There are more than three hundred million motorbikes, mopeds and scooters around the world, and 80 per cent of these are in Asia. But the majority of countries in this region allow for the use of helmets that provide lower protection compared to the United Nations helmet standards, which are mandated across most of Europe and in 79 countries around the world.
Viewed globally, this is an important issue as there are currently over 30 national helmet standards and they vary significantly in terms of safety. The majority of helmets from the Asian market, for instance, would be unable to meet the UN helmet regulation (UN Reg. 22.05). But helmets available in markets that meet the UN regulation are too expensive and are not specifically designed for the hot and humid climate typical for Asia.
This has created a dangerous disparity – the region of the world with the most motorbike riders accepts the use of helmets with lower safety performance. And as the usage of powered two-wheel vehicles increases, so does the fatality rate, to epidemic proportions. Looking at this problem globally, one of the key objectives of the UN Decade of Action for Road Safety is to reduce motorcycle casualties by encouraging the use of safe helmets. The UN study found that up to 3.4 million deaths might result from motorcycle crashes between 2008 and 2020. As many as 1.4 million of those fatalities could be avoided with the proper use of safe helmets. A policy on wearing motorcycle helmets is, therefore, essential for promoting safety.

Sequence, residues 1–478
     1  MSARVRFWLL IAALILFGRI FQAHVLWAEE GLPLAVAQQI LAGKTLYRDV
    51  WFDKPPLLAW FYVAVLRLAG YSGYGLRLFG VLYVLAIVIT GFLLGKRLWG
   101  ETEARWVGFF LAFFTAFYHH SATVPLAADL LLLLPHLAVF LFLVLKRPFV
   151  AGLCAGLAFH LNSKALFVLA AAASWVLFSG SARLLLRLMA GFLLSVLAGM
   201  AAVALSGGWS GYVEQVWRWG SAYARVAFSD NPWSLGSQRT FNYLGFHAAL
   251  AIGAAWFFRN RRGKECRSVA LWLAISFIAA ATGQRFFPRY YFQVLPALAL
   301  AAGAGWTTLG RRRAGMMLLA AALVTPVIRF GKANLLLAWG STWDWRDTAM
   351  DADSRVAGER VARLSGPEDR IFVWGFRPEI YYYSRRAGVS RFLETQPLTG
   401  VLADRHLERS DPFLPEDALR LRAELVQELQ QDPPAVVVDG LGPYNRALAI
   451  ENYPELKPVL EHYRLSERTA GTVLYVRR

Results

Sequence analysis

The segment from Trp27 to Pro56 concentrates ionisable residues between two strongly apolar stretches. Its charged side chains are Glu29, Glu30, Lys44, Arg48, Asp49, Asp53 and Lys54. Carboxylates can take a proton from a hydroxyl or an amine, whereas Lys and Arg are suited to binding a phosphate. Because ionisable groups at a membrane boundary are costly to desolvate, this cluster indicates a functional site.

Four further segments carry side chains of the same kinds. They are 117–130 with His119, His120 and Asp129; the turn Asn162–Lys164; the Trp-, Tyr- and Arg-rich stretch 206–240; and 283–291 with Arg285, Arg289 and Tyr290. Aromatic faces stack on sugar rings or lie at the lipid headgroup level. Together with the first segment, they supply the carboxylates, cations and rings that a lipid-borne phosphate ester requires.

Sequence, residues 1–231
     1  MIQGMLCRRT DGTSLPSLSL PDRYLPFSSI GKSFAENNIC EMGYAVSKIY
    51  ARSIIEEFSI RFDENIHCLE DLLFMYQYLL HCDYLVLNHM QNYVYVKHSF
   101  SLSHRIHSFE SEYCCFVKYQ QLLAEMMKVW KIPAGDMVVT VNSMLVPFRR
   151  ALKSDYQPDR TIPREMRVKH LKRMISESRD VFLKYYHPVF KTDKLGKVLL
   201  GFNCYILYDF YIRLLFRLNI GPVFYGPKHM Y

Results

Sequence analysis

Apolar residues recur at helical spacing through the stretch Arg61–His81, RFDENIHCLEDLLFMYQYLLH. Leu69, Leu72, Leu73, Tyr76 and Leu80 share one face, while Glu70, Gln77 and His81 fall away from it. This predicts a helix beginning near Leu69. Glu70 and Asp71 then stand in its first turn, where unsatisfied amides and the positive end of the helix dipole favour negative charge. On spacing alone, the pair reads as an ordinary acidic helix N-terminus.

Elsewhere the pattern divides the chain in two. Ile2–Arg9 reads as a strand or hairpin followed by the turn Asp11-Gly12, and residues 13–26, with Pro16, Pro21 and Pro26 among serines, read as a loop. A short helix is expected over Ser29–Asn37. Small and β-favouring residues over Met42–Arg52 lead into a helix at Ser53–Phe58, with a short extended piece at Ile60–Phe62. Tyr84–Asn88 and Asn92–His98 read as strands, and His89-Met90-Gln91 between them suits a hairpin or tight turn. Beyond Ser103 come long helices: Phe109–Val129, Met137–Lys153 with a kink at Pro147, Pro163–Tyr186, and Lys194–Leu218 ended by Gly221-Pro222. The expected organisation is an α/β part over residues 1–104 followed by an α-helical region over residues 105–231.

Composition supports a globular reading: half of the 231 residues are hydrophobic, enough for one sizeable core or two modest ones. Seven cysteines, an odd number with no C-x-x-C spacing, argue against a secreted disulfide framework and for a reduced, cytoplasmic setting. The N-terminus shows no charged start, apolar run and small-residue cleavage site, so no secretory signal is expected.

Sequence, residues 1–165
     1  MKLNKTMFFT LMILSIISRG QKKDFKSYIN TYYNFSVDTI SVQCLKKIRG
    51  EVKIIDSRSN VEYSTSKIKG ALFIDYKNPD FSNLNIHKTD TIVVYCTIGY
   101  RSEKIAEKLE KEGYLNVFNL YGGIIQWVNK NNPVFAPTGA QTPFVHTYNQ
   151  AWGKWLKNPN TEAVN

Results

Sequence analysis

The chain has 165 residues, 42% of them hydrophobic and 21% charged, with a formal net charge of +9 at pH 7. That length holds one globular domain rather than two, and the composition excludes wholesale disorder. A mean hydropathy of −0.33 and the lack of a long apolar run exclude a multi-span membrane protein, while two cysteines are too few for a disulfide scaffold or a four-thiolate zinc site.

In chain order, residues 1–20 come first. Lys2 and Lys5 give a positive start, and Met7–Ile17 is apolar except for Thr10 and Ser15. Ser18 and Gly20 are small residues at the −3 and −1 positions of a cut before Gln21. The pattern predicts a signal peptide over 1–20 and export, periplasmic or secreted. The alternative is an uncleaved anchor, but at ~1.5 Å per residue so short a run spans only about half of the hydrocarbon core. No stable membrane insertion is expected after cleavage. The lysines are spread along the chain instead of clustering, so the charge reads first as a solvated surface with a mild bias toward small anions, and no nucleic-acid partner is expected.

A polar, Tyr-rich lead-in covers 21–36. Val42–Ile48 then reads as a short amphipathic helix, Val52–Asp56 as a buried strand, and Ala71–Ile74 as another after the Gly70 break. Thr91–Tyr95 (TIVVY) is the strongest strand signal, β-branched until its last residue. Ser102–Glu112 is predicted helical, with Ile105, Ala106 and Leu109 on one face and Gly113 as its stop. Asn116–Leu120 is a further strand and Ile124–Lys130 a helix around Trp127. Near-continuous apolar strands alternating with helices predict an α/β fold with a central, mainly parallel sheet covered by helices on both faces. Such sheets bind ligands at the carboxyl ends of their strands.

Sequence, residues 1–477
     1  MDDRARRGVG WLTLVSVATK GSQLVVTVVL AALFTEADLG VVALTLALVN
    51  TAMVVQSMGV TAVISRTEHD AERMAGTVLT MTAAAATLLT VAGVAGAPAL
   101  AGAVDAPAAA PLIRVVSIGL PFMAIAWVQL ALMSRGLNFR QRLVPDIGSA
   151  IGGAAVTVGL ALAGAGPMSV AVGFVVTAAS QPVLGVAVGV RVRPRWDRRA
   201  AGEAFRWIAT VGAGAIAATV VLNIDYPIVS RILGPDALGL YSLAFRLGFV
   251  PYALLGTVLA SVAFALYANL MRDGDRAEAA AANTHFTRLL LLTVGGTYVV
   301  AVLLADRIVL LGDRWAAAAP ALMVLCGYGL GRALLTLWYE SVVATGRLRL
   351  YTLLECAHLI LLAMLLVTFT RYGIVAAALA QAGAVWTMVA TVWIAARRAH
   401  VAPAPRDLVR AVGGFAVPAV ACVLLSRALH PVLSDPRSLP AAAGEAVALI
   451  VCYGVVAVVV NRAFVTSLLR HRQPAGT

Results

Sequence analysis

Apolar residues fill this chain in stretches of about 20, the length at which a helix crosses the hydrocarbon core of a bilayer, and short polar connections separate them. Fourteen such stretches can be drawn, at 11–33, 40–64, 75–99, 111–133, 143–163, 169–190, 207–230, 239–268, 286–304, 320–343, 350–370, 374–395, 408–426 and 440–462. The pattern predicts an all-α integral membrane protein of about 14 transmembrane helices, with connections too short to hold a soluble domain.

This is why the FIA has been working on a solution and it is an idea that has come from the very top.
“We were given the challenge by President Jean Todt to make a helmet available at a wholesale price of 10 US dollars that is both UN Reg. 22.05-certified and comfortable to wear in hot and humid countries,” says FIA Head of Competitor Safety Nuno Costa, who is applying his experience of developing competition helmets to this mobility project. “So that is how the project started and with the help of our network of helmet manufacturers we identified some areas to develop an affordable helmet that would meet these two requirements – affordability and wearability.”
Before embarking on such an ambitious goal, the FIA had to reflect on an important question. Why should it devote resources to this area?